It was a stressful week; honestly, when is it not a stressful week if you’re a mom with bipolar who’s parenting young children, plus house-training a new puppy? Nevertheless, there were some highlights which got me to thinking about the beauty of kindness.
Last week I visited two places to buy lunch and a treat. The first spot was Salsa’s, a Mexican restaurant/drive-through. Although I loathe drive-throughs like the snob that I am, I genuinely like Salsa’s. While there are a ton of excellent Mexican dining spots in Santa Cruz County, Salsa’s works for me. The restaurant is close to home and I like the fact that it’s a drive-through. As I’ve had Lucy puppy join me on errands whenever possible both to quell my anxiety and ease her separation anxiety, Salsa’s drive-through element appealed to me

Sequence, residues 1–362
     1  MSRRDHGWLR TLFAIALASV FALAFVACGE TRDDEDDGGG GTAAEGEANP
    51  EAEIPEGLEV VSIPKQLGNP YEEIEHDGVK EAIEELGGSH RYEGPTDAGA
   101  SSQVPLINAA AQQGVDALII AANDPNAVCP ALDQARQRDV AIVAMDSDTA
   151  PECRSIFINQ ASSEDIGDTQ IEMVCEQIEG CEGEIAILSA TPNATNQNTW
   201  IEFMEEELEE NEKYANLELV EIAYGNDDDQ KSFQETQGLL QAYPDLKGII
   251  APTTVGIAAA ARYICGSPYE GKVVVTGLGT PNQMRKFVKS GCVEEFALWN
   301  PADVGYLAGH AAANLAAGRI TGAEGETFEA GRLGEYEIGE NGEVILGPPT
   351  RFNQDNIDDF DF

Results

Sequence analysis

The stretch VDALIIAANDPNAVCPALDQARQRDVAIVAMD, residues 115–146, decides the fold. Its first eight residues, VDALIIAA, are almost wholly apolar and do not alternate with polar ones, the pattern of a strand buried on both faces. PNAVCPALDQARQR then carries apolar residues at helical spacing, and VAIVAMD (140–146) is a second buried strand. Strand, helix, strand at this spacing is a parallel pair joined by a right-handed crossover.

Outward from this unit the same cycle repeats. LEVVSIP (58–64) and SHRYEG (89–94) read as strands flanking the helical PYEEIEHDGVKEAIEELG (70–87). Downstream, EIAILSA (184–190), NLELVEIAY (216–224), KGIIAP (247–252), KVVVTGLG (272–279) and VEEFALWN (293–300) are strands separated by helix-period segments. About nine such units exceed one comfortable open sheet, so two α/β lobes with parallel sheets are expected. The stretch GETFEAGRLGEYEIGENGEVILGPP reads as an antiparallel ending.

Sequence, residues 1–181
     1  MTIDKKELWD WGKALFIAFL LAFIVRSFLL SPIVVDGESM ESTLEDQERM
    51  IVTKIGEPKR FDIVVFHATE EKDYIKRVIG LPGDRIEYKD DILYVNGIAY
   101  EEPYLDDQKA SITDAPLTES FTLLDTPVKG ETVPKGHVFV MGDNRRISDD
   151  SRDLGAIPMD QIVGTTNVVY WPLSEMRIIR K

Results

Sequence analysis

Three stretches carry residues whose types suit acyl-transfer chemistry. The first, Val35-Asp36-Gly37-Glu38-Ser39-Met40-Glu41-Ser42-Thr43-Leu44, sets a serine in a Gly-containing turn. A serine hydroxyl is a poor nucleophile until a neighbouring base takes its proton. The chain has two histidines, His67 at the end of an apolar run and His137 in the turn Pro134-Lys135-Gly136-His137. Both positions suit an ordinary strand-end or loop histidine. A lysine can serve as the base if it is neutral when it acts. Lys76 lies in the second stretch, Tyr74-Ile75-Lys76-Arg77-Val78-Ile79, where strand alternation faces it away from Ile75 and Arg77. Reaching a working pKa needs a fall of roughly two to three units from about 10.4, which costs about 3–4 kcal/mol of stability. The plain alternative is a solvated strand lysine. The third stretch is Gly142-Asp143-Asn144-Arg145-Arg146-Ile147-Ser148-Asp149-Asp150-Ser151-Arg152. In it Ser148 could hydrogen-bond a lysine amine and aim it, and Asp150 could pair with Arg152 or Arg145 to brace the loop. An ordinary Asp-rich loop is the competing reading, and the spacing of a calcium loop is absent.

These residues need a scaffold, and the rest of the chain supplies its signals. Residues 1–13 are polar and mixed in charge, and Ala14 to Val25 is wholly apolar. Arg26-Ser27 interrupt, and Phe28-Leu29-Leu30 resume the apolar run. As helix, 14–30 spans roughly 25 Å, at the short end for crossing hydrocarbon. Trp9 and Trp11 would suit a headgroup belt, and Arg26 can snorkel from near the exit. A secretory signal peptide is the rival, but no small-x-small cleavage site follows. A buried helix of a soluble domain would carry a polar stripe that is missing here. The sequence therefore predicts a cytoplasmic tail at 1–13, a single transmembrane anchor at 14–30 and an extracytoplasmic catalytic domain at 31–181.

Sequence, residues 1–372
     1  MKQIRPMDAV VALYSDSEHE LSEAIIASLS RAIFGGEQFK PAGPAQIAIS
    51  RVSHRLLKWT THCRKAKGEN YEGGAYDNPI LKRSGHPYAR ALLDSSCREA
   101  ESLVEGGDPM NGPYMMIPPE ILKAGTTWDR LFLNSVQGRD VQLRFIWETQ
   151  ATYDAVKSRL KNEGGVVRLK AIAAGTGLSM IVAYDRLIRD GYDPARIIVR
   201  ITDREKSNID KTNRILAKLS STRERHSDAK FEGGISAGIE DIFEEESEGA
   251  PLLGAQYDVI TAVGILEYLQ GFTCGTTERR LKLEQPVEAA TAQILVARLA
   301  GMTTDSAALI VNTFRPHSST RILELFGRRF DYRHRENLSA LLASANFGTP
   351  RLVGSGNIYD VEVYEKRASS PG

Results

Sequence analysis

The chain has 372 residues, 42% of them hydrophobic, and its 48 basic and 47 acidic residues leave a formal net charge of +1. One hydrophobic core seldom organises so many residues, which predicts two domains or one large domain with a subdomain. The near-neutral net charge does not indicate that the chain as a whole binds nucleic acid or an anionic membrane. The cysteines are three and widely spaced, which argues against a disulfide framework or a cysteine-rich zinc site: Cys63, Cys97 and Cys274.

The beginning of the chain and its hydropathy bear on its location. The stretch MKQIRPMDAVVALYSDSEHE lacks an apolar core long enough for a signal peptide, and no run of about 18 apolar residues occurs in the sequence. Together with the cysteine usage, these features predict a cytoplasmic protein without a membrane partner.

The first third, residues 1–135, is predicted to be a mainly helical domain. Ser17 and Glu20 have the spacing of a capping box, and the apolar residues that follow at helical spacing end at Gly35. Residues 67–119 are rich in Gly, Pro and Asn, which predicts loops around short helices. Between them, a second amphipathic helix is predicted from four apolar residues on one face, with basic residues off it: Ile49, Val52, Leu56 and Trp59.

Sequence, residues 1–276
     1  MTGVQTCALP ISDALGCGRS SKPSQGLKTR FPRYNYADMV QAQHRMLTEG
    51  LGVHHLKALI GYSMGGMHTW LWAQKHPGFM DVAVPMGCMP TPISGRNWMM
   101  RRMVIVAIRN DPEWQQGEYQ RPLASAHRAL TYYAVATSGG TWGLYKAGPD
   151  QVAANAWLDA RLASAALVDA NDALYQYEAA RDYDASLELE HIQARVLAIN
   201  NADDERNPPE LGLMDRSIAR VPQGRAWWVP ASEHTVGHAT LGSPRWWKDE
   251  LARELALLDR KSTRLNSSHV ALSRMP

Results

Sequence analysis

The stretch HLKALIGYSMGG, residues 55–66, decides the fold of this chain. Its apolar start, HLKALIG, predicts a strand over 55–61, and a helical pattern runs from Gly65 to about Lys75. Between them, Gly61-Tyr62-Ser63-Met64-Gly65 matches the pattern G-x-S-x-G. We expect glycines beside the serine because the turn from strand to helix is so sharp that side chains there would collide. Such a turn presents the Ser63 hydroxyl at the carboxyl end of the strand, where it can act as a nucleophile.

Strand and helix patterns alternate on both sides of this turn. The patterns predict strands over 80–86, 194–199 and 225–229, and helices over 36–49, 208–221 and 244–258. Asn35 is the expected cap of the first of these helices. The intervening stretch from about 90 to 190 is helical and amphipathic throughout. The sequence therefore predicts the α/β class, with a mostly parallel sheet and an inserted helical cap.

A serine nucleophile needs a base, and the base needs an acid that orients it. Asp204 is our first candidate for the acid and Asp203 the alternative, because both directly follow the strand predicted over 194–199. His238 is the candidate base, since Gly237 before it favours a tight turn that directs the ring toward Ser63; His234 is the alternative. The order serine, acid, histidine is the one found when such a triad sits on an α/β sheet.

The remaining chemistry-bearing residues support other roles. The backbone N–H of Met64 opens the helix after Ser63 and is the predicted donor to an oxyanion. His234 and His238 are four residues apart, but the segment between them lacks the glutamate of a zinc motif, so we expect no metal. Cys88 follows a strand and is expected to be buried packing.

One late afternoon I was starving as I had foolishly skipped lunch. My girls were at a friend’s house, so Lucy and I headed over to Salsa’s. I ordered a carnitas plate and a large horchata. This was an indulgent lunch because their carnitas is as fried as fried gets. After ordering, I drove to the pick-up window in my old, dirty Suburu.
The young employee recognized me from a few prior visits. When she spotted Lucy, extra-fluffy from a recent bath, she oohed and ahhed. Another employee came up to the window and told me tearfully of the passing of her dog and how they had shared a bed for years. She complimented Lucy lavishly, and of course I took full credit as if I birthed the furry beast myself.